Anti-MOG Antibodies Lack Utility in Children With Demyelinating Syndromes

By Will Boggs MD

September 27, 2019

NEW YORK (Reuters Health) - Contrary to earlier suggestions, anti-myelin oligodendrocyte glycoprotein (MOG) autoantibodies provide little guidance for managing treatment in children with demyelinating syndromes, according to new research.

"We found that while anti-MOG-antibody persistence is associated with an increased risk of recurrence, still the majority in whom antibodies persist will not experience recurrence (at least for several years of follow-up) and that, conversely, recurrence of disease can occur also in children whose anti-MOG antibodies do not persist," Dr. Amit Bar-Or of the University of Pennsylvania, in Philadelphia, told Reuters Health by email.

Some researchers have suggested that persistent anti-MOG-antibody seropositivity following acquired demyelinating syndromes (ADS) is associated with relapsing disease in both children and adults, whereas the studies to date indicate that the relapse risk might be overestimated.

Dr. Bar-Or and colleagues evaluated long-term clinical and imaging outcomes and their association with serial serum MOG antibody measurements in 274 children with ADS, who were recruited through the Canadian Pediatric Demyelinating Disease Study between 2004 and 2017.

Overall, 84 children (30.7%) had detectable MOG antibodies, 179 (65.3%) tested negative, and 11 (4.0%) had borderline results.

Anti-MOG antibodies were associated with a higher number of lesions in children younger than 11 years, but with fewer focal lesions in older children, the researchers report in JAMA Neurology, online September 23.

During follow-up of 216 children with samples available more than one year after baseline, 137 (98.6%) of 139 who were negative at presentation remained negative in all subsequent examinations.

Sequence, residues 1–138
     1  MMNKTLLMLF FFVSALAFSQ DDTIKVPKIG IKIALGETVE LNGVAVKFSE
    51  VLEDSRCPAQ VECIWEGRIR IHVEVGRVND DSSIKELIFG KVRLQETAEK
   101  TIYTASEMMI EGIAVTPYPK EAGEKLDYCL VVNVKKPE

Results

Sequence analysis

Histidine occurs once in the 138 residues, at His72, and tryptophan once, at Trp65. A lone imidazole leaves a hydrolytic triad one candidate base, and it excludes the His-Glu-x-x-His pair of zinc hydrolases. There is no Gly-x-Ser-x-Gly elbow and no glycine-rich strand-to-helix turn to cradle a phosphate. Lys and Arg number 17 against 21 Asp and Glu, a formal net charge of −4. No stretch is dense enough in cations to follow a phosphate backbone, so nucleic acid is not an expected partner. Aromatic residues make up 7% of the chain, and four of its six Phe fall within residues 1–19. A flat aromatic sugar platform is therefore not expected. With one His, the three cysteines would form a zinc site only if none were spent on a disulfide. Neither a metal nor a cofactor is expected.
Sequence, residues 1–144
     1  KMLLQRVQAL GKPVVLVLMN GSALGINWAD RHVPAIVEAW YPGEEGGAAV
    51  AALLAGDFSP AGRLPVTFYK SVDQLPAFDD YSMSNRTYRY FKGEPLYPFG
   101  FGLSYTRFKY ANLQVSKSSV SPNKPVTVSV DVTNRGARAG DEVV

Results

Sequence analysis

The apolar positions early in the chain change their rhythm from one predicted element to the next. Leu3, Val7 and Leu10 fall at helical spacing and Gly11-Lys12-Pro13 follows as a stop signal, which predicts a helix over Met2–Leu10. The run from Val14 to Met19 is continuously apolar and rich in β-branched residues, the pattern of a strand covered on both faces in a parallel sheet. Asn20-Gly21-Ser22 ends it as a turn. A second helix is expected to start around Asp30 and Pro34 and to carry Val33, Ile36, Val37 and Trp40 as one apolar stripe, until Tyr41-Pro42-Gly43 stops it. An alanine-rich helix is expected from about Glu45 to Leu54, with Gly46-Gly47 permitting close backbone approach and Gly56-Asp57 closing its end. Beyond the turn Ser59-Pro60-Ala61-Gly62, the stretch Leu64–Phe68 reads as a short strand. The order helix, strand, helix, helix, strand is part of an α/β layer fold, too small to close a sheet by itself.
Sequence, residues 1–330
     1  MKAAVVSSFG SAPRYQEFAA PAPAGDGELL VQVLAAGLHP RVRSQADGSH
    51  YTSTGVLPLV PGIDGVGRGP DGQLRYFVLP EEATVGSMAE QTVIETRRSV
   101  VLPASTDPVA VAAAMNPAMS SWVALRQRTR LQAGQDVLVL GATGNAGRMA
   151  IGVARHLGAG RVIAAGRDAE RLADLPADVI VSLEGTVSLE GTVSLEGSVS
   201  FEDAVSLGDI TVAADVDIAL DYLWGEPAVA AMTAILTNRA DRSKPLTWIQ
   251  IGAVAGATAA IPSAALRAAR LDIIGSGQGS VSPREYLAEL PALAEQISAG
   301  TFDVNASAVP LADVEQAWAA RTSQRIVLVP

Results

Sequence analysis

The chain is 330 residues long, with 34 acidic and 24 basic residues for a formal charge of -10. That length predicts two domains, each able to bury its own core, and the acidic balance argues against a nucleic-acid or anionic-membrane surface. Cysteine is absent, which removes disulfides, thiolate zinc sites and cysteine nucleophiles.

Among the 67 children positive for anti-MOG antibodies at baseline, 24 (36%) remained persistently positive, 5 (7%) fluctuated between positive and negative status and 38 (57%) became seronegative.

During follow-up, 66 children met diagnostic criteria for multiple sclerosis (MS), 11 were diagnosed as having a relapsing non-MS disease, one as having AQP4-positive neuromyelitis optica spectrum disorder, and 196 as having a monophasic course of ADS.

Excluding children who met diagnostic criteria for MS, the occurrence of clinical relapses was significantly more common among anti-MOG-antibody-positive children (9/71, 13%) than among antibody-negative children (2/121, 2%).

A quarter of anti-MOG-antibody-positive children (5/20) who presented with monofocal optic neuritis and normal findings on brain MRI had subsequent clinical relapses, compared with none of the 17 anti-MOG antibody-negative children with the same presentation.

Similarly, among children presenting with acute disseminated encephalomyelitis, clinical relapses occurred in 9% (3/32) of seropositive children versus 3% (1/30) of seronegative children.

Among the 16 children who were positive for anti-MOG antibodies at presentation who experienced clinical relapses, nine were persistently seropositive, two had fluctuating serologic status, and five converted to seronegative status.

"Making decisions about who to treat with chronic immune therapy after an initial episode vs. who not to treat is unfortunately not easily based on anti-MOG-antibody persistence," Dr. Bar-Or said.

"Most children will remain monophasic regardless of anti-MOG antibody status," he said. "One should avoid a 'blanket' approach of placing all children who present with anti-MOG antibodies on chronic immune therapy, including those with persistence of anti-MOG antibodies. Proactive follow-up including serial MRIs at reasonable intervals would provide the best approach to determining who does or does not have recurrent disease so that treatment can be discussed and provided to those who will most need it and not to those who will not."

"More work is needed to understand actual roles of anti-MOG antibodies in pathophysiology," Dr. Bar-Or said. "For example, are they different across patients and can particular features of the antibodies be defined that better predict propensity for chronic/recurrent disease versus monophasic disease?"

Dr. Kevin Rostasy from Witten/Herdecke University, in Datteln, Germany, recently reviewed MOG spectrum disorders and the role of anti-MOG antibodies in clinical practice. He told Reuters Health by email, "The optimal treatment of children with MOG antibodies still needs to be determined. It is a great step forward that the American colleagues now recognize that this disease is a clinical reality."

"MOG antibodies speak against MS," he said. This is "very reassuring for parents, and the prognosis of MOG-antibody-associated diseases is good in the majority of children."

"Unfortunately, the study did not take into account the role and possible prognostic value of MOG-antibody titers over time in serum," Dr. Rostasy said.


JAMA Neurol 2019.